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Purpose Of Public Schools Essay Research Paper

Purpose Of Public Schools Essay, Research Paper Purposes of Schooling Essay Labaree examines the competing ideological traditions that have fought for dominance in our public schools since the nineteenth century and considers the social consequences when certification and degrees become more important than the acquisition of knowledge.

Purpose Of Public Schools Essay, Research Paper

Purposes of Schooling Essay

Labaree examines the competing ideological traditions that have fought for dominance in our public schools since the nineteenth century and considers the social consequences when certification and degrees become more important than the acquisition of knowledge.

He argues that the central problems with education are not pedagogical, organizational, social or cultural in nature but are fundamentally political. He identifies three prominent educational goals that at times have undermined each other. He calls these goals democratic equality, social efficiency and social mobility.

The democratic equality goal seeks to prepare our young for citizenship. The social efficiency goal prepares students to carry useful economic roles, and the social mobility goal treats education as a commodity which purpose is to provide individual students with a competitive advantage in the struggle for desirable social positions. From the perspective of the citizen then, democratic equality is viewed as a public good benefiting society as a whole, (a public good is one whose benefits are enjoyed by all the members of the community, whether or not they actually contributed the production of this good. Police protection, street maintenance, public parks, air pollution control, etc…). The taxpayer and the employer see social efficiency as a public good too, designed to prepare workers to play useful roles in our economy. In social mobility however, the individual consumer views education as a private good to be exchanged later for higher paying jobs (a private good is one whose benefits are enjoyed by an individual).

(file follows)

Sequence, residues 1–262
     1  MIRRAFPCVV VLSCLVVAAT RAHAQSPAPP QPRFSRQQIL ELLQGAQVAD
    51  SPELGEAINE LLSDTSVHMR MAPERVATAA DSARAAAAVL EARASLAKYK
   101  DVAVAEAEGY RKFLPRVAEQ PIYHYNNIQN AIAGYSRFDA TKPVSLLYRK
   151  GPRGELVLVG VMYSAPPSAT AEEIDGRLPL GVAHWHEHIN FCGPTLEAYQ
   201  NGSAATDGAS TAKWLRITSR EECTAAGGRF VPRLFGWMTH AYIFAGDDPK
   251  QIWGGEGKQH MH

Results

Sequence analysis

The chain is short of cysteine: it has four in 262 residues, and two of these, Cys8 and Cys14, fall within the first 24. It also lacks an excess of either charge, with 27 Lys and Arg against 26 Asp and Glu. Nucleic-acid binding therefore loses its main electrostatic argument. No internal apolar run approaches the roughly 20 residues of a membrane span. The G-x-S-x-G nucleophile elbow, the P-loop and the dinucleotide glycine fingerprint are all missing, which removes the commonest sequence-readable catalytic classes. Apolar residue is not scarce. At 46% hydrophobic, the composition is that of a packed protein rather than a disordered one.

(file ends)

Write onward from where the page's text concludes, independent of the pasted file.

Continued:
The most political of the three goals, democratic equality, has three subgoals: the pursuit of citizenship training, equal treatment and equal access. Citizenship training is addressed through such courses as social studies, civics, government, US History and liberal arts. Equal treatment has been dealt with by the exclusion of public prayer and other religious practices from schools, desegregation, removal of gender stereotypes from textbooks, incorporation of experiences of nonwhites and females in the curriculum, multiculturalism, affirmative action, the reduction of discriminatory practices such as tracking and ability grouping, and equalization of financial support to school districts regardless of tax base. Equal access has been achieved by making education available to all segments of the population.

The social efficiency goal exerts its influence on schools in the form of vocationalism and educational stratification. The social mobility goal manifests itself as high tuition, exclusivity and stratified structure such as reading groups, pull-out programs, high school tracks, letter grades, comprehensive standardized testing and differentiated diplomas.